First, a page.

Beijing-based writer Liu Di, known by her former online nickname "Stainless Steel Mouse," rose to fame in 2002 after being sentenced to a year in jail for blogging about China's Internet restrictions as a university student. Since then, she has continued to write online about Chinese society. Here, in a commentary broadcast on RFA's Mandarin Service, she argues that innovation can only come about in an open society:
Technology is an issue that concerns a lot of people, while some people ... think it is the only important thing.
Technology isn't manufactured behind closed doors by machines; it is the product of communication. Technology has taken off in various places; in centers of civilization around the world, and is often the result of cross-pollination with other aspects of those civilizations.
The more open a civilization, the more advanced it becomes, and the more prosperous. Countries that remain shut off from the ways of other civilizations not only don't make technological breakthroughs; they often end up losing even the technology they already have, and going into a decline.
The book "Guns, Germs and Steel" argues that the reason technological progress often ground to a halt in ancient China is that it was a closed-off imperial civilization that lacked contact with other cultures.
Technological advances, such as in communications, also have a beneficial effect on the ability of civilizations to communicate with each other. The better a culture's technology, the stronger its voice in communicating its abilities to the rest of the world.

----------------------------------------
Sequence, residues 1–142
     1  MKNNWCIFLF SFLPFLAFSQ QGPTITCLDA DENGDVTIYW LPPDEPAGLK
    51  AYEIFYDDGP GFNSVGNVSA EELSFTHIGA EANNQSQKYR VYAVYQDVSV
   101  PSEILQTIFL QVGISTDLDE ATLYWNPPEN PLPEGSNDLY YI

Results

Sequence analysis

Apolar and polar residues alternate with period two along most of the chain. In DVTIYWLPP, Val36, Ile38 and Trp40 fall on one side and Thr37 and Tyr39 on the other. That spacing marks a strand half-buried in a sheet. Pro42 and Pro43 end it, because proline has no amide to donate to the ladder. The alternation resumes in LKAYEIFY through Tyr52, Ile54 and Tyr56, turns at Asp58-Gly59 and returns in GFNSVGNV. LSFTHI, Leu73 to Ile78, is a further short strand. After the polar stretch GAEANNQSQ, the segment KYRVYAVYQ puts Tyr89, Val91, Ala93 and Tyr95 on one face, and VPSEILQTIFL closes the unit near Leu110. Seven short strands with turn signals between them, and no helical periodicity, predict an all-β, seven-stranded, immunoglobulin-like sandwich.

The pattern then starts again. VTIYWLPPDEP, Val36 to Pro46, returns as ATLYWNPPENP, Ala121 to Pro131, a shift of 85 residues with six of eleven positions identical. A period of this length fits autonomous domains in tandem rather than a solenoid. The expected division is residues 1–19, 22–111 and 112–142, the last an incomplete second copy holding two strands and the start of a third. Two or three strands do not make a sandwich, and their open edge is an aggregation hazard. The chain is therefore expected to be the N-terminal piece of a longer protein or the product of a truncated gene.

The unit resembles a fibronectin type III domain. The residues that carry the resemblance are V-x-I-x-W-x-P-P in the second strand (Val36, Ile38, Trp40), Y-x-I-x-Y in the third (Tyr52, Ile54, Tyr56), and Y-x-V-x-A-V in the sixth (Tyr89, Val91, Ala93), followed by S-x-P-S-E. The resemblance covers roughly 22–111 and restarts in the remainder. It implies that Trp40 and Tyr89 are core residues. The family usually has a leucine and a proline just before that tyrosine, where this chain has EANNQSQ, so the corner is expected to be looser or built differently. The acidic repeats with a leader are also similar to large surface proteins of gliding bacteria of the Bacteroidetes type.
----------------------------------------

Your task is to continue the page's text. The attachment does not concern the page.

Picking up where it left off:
For this reason, we can say that the exchange of technology is inseparable from communication.
Technological progress doesn't just happen on its own, but relies on a series of systemic and cultural factors that are conducive to innovation, in particular individualism, private property and a market economy.
Because to undergo technological innovation is to explore uncharted territory using trial and error, it is a very risky business. In such a business, it is probably better if people make use of their own assets, skills and intelligence. For innovation and exploration to be a collective, unified enterprise organized by the state is tantamount to putting all your eggs in one basket.
The scope of innovation and exploration would be limited to the vision and knowledge of just a few individuals, meaning that individual creativity couldn't be fully exploited.
Therefore, a respect for individual rights and civilized freedoms is necessary before technological development can really take off in a civilization.
Translated by Luisetta Mudie.